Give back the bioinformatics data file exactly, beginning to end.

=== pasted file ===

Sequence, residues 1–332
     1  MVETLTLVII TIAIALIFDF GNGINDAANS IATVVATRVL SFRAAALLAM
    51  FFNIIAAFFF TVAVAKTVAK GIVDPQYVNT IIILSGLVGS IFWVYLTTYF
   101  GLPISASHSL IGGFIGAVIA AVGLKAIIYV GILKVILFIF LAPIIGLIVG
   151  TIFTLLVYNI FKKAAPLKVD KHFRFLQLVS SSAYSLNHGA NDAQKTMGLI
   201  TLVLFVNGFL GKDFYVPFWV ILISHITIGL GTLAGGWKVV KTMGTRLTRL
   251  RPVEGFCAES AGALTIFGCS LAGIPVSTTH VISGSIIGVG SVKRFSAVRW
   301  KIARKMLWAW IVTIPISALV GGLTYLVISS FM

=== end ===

Sequence, residues 1–332
     1  MVETLTLVII TIAIALIFDF GNGINDAANS IATVVATRVL SFRAAALLAM
    51  FFNIIAAFFF TVAVAKTVAK GIVDPQYVNT IIILSGLVGS IFWVYLTTYF
   101  GLPISASHSL IGGFIGAVIA AVGLKAIIYV GILKVILFIF LAPIIGLIVG
   151  TIFTLLVYNI FKKAAPLKVD KHFRFLQLVS SSAYSLNHGA NDAQKTMGLI
   201  TLVLFVNGFL GKDFYVPFWV ILISHITIGL GTLAGGWKVV KTMGTRLTRL
   251  RPVEGFCAES AGALTIFGCS LAGIPVSTTH VISGSIIGVG SVKRFSAVRW
   301  KIARKMLWAW IVTIPISALV GGLTYLVISS FM